Testing Objects for Properties: Dot or Bracket notation

Hello,

can anybody explain to me, please, why this code:

function checkObj(obj, checkProp) {
  // Only change code below this line
  if (obj.hasOwnProperty(checkProp)) {
    return obj.checkProp;
  }
  else {
    return "Not Found";
  }
  // Only change code above this line
}

doesn’t pass, while this code:

function checkObj(obj, checkProp) {
  // Only change code below this line
  if (obj.hasOwnProperty(checkProp)) {
    return obj[checkProp];
  }
  else {
    return "Not Found";
  }
  // Only change code above this line
}

does pass?

The only difference between the two is that in the first code I used .dot notation for the return property inside the if function and in the second I used [bracket notation] for the same thing.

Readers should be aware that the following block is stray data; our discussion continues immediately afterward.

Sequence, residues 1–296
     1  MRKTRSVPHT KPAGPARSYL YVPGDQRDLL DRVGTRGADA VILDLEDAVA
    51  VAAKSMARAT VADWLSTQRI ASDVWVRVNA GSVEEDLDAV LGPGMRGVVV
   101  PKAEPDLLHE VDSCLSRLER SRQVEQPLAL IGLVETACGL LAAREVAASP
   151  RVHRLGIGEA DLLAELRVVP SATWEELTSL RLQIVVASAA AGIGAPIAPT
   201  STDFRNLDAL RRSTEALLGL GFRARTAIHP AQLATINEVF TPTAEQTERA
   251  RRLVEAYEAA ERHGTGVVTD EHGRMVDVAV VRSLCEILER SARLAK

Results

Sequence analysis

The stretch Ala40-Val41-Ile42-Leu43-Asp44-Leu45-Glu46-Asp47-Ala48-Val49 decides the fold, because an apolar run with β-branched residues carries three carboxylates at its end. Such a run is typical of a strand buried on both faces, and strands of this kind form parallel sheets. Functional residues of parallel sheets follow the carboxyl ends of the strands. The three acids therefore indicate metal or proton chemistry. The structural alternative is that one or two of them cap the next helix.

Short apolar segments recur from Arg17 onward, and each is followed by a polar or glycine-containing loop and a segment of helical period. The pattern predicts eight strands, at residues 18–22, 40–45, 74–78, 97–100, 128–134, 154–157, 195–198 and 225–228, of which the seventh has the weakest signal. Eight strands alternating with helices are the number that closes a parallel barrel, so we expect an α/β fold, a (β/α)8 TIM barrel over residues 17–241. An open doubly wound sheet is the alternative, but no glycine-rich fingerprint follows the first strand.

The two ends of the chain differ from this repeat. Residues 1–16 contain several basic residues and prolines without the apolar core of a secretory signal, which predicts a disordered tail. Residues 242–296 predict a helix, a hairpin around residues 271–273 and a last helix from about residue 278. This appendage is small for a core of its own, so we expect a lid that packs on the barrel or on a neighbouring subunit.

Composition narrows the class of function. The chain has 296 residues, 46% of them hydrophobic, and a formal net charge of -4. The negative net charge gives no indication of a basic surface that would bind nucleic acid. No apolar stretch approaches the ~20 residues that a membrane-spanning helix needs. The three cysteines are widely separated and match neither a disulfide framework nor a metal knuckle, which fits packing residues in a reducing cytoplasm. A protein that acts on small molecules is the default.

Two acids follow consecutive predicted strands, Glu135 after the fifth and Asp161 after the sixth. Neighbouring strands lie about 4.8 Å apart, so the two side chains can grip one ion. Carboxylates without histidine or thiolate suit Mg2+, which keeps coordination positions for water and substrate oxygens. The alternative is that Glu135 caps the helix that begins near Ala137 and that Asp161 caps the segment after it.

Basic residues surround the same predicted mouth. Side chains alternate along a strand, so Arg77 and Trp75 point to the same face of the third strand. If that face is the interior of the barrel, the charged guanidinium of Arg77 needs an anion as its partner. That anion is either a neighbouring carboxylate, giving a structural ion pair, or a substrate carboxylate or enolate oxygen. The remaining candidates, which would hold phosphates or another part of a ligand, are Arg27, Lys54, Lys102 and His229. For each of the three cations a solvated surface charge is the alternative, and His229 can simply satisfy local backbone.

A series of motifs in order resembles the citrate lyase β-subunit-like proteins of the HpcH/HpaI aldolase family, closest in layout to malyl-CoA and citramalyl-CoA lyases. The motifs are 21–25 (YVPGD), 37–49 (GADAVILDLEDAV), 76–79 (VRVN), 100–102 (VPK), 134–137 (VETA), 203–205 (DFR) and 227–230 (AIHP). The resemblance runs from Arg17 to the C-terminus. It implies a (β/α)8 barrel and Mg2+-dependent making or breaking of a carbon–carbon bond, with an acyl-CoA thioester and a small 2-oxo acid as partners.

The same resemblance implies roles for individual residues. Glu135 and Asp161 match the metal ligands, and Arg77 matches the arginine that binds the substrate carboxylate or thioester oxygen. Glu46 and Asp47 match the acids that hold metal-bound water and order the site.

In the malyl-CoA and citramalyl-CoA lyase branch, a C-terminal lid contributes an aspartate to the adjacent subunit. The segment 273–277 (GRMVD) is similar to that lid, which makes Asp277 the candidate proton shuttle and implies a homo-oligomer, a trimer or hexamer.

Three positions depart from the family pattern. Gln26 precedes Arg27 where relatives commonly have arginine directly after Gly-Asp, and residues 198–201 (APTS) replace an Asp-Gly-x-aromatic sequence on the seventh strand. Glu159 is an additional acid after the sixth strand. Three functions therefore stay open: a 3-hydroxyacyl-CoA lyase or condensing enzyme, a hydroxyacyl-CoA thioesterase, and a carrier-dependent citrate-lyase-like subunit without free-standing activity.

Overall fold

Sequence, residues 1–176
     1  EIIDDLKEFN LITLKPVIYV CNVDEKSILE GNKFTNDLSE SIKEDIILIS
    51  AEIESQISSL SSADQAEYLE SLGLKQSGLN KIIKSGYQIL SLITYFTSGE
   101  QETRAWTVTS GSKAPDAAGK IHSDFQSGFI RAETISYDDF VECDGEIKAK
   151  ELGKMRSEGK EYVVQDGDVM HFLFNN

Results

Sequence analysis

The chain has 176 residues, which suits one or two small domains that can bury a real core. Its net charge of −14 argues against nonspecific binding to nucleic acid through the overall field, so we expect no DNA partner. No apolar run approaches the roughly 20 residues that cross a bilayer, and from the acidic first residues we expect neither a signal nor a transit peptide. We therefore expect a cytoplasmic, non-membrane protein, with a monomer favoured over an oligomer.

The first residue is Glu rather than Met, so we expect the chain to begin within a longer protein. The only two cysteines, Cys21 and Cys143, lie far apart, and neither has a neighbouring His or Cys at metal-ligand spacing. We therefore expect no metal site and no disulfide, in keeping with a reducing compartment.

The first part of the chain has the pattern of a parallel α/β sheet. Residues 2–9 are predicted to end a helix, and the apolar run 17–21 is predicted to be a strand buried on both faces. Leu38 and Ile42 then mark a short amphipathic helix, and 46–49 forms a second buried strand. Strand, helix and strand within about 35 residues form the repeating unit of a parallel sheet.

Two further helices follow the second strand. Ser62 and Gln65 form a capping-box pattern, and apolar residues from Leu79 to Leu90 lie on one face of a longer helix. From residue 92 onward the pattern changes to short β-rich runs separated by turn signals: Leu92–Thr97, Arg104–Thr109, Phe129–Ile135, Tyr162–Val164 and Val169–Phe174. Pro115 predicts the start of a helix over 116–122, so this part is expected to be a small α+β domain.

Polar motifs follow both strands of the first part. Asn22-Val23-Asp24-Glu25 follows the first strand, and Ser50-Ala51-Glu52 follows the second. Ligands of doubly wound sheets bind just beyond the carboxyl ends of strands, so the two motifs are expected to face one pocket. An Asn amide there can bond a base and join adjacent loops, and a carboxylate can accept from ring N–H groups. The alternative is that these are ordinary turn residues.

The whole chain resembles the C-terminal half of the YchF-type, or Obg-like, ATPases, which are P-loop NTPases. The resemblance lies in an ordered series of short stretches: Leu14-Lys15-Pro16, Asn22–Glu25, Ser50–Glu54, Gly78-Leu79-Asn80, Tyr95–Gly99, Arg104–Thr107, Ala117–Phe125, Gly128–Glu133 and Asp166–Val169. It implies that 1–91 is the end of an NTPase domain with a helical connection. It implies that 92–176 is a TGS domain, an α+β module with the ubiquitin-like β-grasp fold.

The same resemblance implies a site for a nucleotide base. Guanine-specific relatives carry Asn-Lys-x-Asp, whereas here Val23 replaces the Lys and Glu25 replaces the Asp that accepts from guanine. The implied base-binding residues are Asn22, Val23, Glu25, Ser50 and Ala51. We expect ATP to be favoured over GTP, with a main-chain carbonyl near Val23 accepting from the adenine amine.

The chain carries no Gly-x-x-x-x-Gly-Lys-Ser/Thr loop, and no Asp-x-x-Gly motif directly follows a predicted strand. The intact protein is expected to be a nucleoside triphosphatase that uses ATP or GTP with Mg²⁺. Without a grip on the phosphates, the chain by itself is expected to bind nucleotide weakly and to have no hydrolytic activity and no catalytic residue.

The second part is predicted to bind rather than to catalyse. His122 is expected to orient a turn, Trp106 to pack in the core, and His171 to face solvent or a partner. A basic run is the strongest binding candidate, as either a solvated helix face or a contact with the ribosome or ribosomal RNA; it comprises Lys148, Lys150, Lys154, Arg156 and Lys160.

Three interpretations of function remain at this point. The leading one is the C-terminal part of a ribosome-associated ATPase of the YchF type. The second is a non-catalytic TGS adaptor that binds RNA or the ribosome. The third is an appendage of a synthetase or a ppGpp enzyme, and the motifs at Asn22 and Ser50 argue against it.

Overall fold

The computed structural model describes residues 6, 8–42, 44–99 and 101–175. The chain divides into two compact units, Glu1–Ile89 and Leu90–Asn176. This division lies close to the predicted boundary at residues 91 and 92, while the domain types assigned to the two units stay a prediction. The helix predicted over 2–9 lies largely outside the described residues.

Why does one code pass and the other doesn’t? They both do the absolutely same thing, don’t they?

When you use dot notation you are looking for something literally named “checkProp” in the obj that was passed to the function. With bracket notation you can use variables that store a value to access the obj.

So if you had a variable called someValue and you typed obj.someValue its looking for the property "someValue" in obj. But if i say let sameValue = 'this string' then type obj[someValue] im looking for the property "this string" stored in obj, not "someValue" literally.

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